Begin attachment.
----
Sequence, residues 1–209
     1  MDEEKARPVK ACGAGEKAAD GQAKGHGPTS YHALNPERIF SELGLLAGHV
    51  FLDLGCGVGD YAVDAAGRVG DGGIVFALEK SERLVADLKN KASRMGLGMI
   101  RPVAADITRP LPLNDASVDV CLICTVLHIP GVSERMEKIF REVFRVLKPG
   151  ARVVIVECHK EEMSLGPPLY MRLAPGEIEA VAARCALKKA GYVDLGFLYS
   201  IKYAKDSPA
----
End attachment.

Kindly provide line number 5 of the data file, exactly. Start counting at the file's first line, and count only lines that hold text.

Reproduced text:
   151  ARVVIVECHK EEMSLGPPLY MRLAPGEIEA VAARCALKKA GYVDLGFLYS